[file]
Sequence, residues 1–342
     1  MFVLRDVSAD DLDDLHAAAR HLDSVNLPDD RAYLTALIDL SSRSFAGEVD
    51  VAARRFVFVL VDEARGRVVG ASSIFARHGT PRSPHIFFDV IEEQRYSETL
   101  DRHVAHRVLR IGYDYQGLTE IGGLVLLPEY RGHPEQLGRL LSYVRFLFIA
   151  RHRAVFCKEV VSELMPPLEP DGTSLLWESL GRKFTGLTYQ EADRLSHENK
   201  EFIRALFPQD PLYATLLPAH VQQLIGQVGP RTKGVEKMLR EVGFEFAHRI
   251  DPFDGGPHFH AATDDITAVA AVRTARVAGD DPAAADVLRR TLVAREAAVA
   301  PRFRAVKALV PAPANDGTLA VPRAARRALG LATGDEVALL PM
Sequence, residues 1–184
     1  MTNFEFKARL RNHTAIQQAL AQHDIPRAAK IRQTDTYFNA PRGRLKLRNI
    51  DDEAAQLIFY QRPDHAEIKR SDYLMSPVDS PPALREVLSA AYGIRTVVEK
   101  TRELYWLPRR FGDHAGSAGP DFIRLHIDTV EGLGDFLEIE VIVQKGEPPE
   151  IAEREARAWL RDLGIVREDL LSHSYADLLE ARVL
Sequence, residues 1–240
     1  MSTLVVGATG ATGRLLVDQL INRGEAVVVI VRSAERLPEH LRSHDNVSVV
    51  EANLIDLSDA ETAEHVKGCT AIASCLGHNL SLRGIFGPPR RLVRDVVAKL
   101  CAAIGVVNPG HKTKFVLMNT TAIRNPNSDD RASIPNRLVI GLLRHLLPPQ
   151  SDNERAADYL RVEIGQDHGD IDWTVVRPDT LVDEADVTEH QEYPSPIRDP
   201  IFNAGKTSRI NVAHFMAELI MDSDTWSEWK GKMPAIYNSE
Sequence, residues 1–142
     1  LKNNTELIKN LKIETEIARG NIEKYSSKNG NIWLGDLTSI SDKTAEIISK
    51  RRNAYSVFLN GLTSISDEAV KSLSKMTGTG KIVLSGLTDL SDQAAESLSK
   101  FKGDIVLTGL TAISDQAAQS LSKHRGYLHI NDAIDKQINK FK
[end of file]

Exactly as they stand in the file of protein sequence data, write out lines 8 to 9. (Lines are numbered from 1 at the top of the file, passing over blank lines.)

   301  PRFRAVKALV PAPANDGTLA VPRAARRALG LATGDEVALL PM
Sequence, residues 1–184